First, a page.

It is difficult to change the lighting angle outdoors. If possible, it is necessary to take pictures in the shade, because then there will be no reflections in glass or there will be fewer. If there is no possibility to take photo in the shade, a diffuser or shader may be used. This prevents light from being reflected in the lens and therefore interfering. If none of the above works, but there are still reflections in the glasses, it is possible to take a photo of the person with the reflection. Then take a photo of the face without glasses (it is important that the face to be photographed at the same angle). Then there is only need to cut out the eye area from the image without glasses in Photoshop and paste it into the image with glasses, and then process with a mask. Time consumption is approximately one - three minutes of work.
Mirroring in a glass frame
After considering a number of ways how to prevent ir reflection on window and how to avoid reflection in glass photography, there is another "problem" that photographers face, in particular the photography of paintings in a glass frame. The biggest problem to overcome is unwanted reflections from reflections on the glass behind the image. With a few simple tricks, getting good results is achievable. The first tip is the easiest and fastest way - to remove the glass from the photo. Many paintings can be safely removed from the wall and removed from the frame for a short time. Depending on the size of the image, the scanner can even be used as a possible "photographic device". This has the advantage of not having to worry about lighting, sharpness and distance issues.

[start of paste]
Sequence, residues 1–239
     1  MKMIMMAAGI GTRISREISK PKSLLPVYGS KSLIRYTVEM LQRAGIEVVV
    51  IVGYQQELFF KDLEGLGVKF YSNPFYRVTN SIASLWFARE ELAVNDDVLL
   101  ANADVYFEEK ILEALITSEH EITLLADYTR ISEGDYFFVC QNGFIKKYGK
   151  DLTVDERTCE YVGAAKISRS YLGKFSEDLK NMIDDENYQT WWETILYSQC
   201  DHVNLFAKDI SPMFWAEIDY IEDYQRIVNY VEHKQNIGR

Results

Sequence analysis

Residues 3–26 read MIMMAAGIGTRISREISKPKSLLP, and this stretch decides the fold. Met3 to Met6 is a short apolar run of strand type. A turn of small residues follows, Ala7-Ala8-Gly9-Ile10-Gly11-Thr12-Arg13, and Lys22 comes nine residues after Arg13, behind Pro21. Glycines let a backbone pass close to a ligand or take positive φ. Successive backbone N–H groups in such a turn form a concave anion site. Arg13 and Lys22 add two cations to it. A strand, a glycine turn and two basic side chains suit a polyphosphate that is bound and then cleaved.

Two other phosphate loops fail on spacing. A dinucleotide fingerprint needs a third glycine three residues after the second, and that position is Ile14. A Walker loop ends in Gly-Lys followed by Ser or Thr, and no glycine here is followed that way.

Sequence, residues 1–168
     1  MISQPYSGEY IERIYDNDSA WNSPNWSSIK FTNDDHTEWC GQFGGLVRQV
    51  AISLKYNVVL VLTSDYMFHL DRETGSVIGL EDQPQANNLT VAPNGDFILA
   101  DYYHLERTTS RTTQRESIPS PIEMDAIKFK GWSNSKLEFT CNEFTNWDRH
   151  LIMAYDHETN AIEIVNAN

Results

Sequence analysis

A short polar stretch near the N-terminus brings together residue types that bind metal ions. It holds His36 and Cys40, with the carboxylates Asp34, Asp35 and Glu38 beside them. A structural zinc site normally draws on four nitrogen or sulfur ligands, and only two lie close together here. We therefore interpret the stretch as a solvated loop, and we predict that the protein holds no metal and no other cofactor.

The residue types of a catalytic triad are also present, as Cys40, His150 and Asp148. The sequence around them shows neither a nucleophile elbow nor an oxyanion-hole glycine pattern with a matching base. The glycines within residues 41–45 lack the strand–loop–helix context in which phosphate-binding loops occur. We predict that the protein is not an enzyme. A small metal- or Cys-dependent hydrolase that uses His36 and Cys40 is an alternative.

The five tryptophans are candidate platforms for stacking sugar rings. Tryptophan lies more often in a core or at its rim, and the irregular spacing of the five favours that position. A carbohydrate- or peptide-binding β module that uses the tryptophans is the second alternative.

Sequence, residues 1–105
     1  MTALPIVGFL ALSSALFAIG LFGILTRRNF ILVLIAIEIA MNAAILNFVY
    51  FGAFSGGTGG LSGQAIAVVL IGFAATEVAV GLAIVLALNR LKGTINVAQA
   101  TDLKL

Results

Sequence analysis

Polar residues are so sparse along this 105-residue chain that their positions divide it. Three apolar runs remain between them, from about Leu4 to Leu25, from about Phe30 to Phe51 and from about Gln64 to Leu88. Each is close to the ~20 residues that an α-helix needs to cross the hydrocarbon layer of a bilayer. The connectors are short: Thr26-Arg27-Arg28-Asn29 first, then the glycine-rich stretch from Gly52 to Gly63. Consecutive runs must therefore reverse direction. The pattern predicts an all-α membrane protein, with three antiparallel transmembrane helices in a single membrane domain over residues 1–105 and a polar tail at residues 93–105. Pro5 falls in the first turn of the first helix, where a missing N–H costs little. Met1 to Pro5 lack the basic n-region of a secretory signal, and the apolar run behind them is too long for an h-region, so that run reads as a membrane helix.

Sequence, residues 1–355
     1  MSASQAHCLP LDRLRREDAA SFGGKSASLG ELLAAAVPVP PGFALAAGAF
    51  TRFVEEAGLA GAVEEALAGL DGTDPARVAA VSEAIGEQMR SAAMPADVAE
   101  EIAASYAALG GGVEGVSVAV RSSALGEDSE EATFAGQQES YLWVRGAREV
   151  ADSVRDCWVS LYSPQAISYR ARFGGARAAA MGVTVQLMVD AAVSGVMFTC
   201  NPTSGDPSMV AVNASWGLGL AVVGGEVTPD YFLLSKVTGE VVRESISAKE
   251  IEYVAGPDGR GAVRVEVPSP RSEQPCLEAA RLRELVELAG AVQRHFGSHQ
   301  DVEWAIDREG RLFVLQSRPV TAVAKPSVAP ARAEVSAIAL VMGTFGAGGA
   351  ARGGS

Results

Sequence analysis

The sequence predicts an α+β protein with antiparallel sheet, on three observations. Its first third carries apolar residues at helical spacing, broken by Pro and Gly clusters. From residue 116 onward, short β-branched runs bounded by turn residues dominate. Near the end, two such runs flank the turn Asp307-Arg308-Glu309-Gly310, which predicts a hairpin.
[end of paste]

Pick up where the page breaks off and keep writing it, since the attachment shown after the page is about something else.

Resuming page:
But if the picture is larger than the scanner, then the camera should work. In the case of a "clear" image that does not reflect, just set the camera exactly to the image, focal lengths of about 50 mm are ideal (that is ordinary lenses), you can use a tripod and take photos with a small aperture (due to the large depth of field, it is better only f8 or f11, if there is a tripod, slow shutter speed does not matter) without flash. In most cases, the camera's auto white balance should provide neutral filtering of ambient light. Otherwise, further digital correction will be required. If the glass must remain in front of the image, it becomes more difficult to obtain a good reproduction. Probably there is a possibility to try every possible variation, but all reflections are difficult to eliminate. Using a polarizing filter, as it was mentioned before, creates wonders. Its job is to turn off non-metallic reflections, stronger or weaker depending on the angle to the object. Therefore, reflective glass is an ideal application for that filter. It is necessary to try to find the maximum possible effect of the polarizing filter from different points of view on the picture in the frame. However, if lamps or windows are reflected in the glass of the frame, the filter is no longer applicable. Then it is better to try to eliminate these troublemakers (darken the windows, turn off the lights - if at all possible). In many cases, it helps to tilt the camera a little, i.e. take a picture of the image at an angle from below. As a result, at least there will be no reflection of the photographer with the camera in the glass. Unfortunately, this also distorts the image, which can also be digitally corrected later. Many reflections can also be corrected afterwards, but this will take practice. If it is possible to actively illuminate the picture on your own, you should make sure that the lamps are not reflected in the picture. It is better to build them on the sides, one on the left, the other on the right. Depending on the case, there is only a path of trial and error, and later experience and understanding of how to achieve the best result will come by aligning the camera.